Discovering electronic discovery Featured

8:00pm EDT October 26, 2007

Today, more than 90 percent of all business-related documents are electronic in nature. Records such as word processing files, spreadsheets, e-mails, calendars, voice mails and photographs are digitally created and stored on computer hard drives, servers, backup tapes, hand-held devices and even cell phones.

Electronic discovery, also called e-discovery, is the process in which these types of electronic records are located, preserved and examined during the discovery stage of litigation. New federal court rules governing the discovery of electronically stored information went into effect last December, but many businesses remain unprepared. Now more than ever, companies must develop and implement detailed policies for the retention, preservation and destruction of their electronic records. Failure to do so needlessly exposes these companies to greater risk in litigation.

“Long gone are the days that a party to a lawsuit can just print electronic records and produce the hard copies to the other side,” says Matt Rechner, an associate in the litigation department of McDonald Hopkins LLC and the chair of the firm’s Electronic Discovery Practice Group and Response Team. “The reason for this is that not all electronic data is visible to the computer user. Electronic discovery captures that invisible data that does not appear by simply clicking the ‘print’ key.”

Smart Business spoke with Rechner about e-discovery and why it’s so important to the present and future of business.

What makes e-discovery unique?

‘Metadata’ is an example of one of those e-discovery buzzwords that is getting more and more attention these days. Metadata is essentially ‘the data behind the data.’ It is the information that describes how, when and by whom a particular electronic document was created, accessed, deleted, revised, modified and/or formatted. Some metadata is viewable by a computer user, while other metadata is hidden or embedded. However, whether visible or invisible, courts are now requiring parties to preserve — and, in some cases, produce this metadata in the course of e-discovery. Companies, as well as their attorneys, must be cognizant of the existence and content of any underlying metadata when engaging in e-discovery.

What’s important to consider in e-discovery?

Effective Dec. 1, 2006, the Federal Rules of Civil Procedure were amended to govern how parties conduct e-discovery in federal litigation. Among other things, these amended rules now direct parties to discuss and establish procedures for e-discovery early on in every lawsuit. Moreover, the rules outline a party’s data preservation and production obligations and provide for possible sanctions if relevant data is improperly deleted or destroyed. While some businesses have prepared for these rules, many still have not. Organizations unprepared for these amended rules expose themselves to greater risks in litigation but can avoid future costly mistakes with relatively simple steps.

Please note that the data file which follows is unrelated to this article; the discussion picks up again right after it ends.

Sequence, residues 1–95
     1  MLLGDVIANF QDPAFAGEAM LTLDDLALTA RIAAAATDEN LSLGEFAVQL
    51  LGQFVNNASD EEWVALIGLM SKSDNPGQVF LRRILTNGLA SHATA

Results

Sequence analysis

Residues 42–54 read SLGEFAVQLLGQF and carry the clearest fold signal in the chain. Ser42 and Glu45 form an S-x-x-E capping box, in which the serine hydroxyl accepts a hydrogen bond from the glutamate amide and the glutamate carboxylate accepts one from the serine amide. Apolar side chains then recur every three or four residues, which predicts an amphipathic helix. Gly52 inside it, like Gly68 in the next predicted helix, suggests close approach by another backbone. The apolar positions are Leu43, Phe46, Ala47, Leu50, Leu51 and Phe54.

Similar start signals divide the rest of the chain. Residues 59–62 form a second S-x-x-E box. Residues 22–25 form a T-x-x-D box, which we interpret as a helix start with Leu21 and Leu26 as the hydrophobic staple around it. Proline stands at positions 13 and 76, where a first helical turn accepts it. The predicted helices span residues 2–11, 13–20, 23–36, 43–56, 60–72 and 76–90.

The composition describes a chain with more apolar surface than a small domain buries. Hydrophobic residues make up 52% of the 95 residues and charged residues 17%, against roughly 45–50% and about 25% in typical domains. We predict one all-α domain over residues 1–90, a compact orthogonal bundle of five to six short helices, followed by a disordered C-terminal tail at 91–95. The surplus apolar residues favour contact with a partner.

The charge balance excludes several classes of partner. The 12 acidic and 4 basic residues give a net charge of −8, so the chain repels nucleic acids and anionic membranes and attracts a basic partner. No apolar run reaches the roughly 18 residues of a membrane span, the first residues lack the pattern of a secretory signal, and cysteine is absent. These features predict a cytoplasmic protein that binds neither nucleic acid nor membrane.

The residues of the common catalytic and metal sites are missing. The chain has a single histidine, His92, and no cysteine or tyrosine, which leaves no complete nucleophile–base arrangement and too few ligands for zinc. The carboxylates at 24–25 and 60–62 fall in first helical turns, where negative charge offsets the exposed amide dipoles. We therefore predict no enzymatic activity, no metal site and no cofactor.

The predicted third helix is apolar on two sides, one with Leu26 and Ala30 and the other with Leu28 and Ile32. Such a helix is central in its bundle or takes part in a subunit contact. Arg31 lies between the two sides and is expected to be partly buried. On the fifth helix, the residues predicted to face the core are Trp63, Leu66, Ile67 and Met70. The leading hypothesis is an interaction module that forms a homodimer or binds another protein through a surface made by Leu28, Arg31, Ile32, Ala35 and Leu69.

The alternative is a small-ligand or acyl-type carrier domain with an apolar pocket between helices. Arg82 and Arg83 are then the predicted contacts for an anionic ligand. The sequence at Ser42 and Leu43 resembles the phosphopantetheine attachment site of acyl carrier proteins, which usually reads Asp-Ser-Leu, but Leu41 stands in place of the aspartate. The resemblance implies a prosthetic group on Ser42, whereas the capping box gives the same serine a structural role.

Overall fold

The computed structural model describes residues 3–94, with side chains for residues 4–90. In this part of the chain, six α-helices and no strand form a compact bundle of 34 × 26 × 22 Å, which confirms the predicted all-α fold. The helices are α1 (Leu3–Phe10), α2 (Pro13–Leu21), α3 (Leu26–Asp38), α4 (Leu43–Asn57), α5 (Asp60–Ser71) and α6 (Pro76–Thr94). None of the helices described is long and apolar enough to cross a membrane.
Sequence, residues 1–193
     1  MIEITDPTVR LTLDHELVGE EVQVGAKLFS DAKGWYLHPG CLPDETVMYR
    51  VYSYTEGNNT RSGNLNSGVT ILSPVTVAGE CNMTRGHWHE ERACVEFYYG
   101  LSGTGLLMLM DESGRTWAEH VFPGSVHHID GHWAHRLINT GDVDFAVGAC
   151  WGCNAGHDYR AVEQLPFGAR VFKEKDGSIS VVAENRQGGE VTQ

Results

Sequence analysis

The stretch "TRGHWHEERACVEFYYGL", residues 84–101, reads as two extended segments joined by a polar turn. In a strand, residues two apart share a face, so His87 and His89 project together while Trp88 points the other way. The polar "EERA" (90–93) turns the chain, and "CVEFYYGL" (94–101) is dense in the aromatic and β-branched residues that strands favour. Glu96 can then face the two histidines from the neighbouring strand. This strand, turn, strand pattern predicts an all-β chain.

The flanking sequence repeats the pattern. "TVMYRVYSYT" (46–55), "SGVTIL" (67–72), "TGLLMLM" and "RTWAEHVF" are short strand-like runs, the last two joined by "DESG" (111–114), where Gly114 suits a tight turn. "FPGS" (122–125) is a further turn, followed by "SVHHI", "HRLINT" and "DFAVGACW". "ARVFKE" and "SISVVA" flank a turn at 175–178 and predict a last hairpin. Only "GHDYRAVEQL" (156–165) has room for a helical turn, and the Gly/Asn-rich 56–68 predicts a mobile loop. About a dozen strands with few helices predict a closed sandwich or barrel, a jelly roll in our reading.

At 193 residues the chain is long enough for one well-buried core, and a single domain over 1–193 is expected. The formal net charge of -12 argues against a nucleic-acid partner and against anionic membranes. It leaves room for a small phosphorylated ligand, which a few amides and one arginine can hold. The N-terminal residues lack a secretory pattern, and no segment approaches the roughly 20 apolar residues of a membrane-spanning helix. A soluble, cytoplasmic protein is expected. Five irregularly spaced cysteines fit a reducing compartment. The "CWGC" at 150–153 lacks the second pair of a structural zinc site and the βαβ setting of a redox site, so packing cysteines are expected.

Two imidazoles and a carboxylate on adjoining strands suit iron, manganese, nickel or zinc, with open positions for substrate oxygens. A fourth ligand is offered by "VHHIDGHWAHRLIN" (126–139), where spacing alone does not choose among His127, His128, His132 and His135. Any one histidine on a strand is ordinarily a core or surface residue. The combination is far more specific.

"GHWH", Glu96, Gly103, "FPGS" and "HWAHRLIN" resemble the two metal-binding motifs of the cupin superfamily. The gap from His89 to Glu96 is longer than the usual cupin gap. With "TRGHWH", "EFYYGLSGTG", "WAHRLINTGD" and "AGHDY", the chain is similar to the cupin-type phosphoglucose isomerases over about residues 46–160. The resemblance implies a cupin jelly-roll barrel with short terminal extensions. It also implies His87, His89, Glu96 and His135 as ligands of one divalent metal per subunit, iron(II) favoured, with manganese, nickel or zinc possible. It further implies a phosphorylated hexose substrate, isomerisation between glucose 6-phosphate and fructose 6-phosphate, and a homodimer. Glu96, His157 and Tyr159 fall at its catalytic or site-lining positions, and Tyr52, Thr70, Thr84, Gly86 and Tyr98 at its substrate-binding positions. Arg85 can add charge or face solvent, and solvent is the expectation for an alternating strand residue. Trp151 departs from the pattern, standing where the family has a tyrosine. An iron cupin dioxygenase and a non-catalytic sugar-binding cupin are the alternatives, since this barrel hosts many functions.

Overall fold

What problems are businesses facing?

In light of the amended federal rules and with more and more state courts enacting their own e-discovery rules, companies must rethink how they approach litigation. If electronic data is potentially relevant to an ongoing or anticipated lawsuit, proper steps must be taken as soon as possible to prevent the destruction of this data or the company could be exposed to spoliation of evidence claims.

Unfortunately, electronic data is particularly susceptible to spoliation due to the inherent and necessary characteristics of a computer’s operating system. For instance, when data is tagged by a computer user for deletion, the operating system does not permanently erase the data. It simply ignores the data. The data is moved and rendered ‘invisible’ to the operating system, but it remains resident on the computer’s hard drive. When the computer user later needs to save new data in order to perform a function, the operating system will randomly overwrite this ‘invisible’ data that had been designated for deletion. If this ‘deleted’ data turns out to be potentially relevant to a lawsuit, a company must take proper care to prevent the overwriting of that data.

How can companies prepare themselves?

Because of the unique nature of e-discovery, companies must establish, implement and enforce formal data retention and destruction policies for their electronic data. These policies will reduce the volume of retained data by clearly defining what should be kept and what should be destroyed. An organization’s data retention and destruction policies must also include protocols for the initiation of ‘litigation holds.’ When a lawsuit is reasonably anticipated, companies are obligated to suspend their routine retention and destruction policies in order to prevent the destruction of potentially relevant data. Lastly, companies should designate a point person or response team to coordinate their internal electronic discovery procedures.

MATT RECHNER is an associate in the litigation department of McDonald Hopkins LLC and the chair of the firm’s Electronic Discovery Practice Group and Response Team. Reach him at (216) 348-5826 or mrechner@mcdonaldhopkins.com.